Summarize concepts, ideas, and topics into keywords. Find the keywords that indicate the main subject of the idea or concepts. Keywords save on space, allowing you to include more information, and are easier to remember.
Draw quickly and uncritically
When creating a mind map, do it quickly and uncritically. Do not overanalyze concepts but simply write what is on your mind. Remember, mind maps represent the brain’s thought process which often does not involve in-depth analysis of information.
Benefits of Using it
Mind map templates come with a wide range of benefits to users. The most common benefit of using mind map templates is that they are good studying and research tools that help with note-taking in a less rigid manner. Mind maps are also good information retention tools that can be very useful to people with dyslexia and autistic people in the education and professional world. Mind mapping is a good way of jogging an individual’s mind, which can be beneficial in improving their problem-solving skills and in the creative industry.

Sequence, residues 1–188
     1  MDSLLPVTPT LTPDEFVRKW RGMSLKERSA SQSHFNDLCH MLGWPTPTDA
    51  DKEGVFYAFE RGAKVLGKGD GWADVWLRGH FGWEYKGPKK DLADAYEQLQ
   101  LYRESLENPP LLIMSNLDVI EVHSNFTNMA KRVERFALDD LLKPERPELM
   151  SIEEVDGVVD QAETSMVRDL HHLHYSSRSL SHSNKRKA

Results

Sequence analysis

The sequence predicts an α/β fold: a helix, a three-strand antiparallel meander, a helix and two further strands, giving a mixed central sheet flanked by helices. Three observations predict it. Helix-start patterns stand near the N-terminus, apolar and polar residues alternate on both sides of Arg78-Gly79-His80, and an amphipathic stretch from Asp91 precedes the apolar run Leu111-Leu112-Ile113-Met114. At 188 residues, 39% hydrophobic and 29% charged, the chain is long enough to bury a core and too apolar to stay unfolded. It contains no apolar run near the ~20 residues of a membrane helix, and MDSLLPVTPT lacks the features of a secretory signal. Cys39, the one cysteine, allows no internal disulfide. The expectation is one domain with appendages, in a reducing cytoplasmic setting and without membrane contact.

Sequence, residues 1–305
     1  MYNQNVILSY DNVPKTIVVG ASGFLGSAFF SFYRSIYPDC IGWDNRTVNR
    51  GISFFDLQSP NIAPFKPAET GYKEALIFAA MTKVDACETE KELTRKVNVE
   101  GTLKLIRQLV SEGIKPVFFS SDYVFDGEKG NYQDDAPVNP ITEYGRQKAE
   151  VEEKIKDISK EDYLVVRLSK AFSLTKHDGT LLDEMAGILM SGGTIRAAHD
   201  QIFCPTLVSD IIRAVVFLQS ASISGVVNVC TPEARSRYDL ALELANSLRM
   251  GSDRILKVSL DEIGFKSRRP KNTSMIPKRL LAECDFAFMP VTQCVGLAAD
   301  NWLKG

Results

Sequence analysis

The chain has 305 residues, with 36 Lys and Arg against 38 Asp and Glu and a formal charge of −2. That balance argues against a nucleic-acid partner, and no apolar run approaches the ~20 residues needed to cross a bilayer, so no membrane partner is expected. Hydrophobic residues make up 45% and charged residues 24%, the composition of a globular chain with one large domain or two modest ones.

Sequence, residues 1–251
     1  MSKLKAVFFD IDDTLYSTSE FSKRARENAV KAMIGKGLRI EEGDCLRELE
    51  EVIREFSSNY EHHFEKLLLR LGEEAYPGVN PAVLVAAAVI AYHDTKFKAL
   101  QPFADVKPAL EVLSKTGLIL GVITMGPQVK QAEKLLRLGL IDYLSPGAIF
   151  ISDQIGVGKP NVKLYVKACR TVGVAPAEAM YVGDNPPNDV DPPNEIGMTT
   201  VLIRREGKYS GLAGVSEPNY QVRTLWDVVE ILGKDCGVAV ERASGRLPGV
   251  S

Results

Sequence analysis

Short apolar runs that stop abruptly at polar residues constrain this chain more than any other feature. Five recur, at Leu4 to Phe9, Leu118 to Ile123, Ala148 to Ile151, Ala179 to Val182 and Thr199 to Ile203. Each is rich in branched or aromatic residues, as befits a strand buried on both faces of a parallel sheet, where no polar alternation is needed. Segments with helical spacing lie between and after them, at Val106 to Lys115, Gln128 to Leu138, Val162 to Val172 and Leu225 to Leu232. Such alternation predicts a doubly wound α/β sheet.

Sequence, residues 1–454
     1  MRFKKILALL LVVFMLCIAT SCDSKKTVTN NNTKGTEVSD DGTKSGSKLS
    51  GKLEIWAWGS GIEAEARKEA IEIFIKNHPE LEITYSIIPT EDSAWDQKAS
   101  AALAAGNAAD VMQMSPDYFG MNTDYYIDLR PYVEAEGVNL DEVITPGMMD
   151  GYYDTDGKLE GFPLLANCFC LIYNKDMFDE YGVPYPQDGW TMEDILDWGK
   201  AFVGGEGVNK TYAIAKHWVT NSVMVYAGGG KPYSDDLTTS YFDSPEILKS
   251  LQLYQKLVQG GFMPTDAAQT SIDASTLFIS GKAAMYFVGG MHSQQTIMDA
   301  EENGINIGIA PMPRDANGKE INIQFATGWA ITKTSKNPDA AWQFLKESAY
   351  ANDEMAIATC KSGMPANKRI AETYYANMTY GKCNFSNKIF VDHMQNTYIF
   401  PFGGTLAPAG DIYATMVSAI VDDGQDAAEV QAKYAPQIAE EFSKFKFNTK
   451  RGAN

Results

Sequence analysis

Mind maps are effective planning which can be used in the business world to develop strategies and manage projects. The use of mind maps is also beneficial because it helps users utilize both sides of the brain at once, which is a healthy practice. In addition, mind map templates take up little space while capturing a lot of information. This can be essential in remaining organized and can save time, especially for students who have to deal with many documents when revising. Lastly, mind mapping helps simplify complex concepts; this comes in handy when preparing presentations.
A mind map template is useful planning, brainstorming, data presentation, and information-gathering tool used by different people to note down information linked to one central idea or concept. Consequently, each mind map will have a main idea, sub-ideas stemming from the main idea, and keywords used to represent the ideas in a concise manner.
Visual tools help people present complex information using simple images, shapes, symbols, and text. Mind map templates are used in many professions such as web development, teaching, project management, and creative experts, but they can also be used by students and individuals in setting personal goals.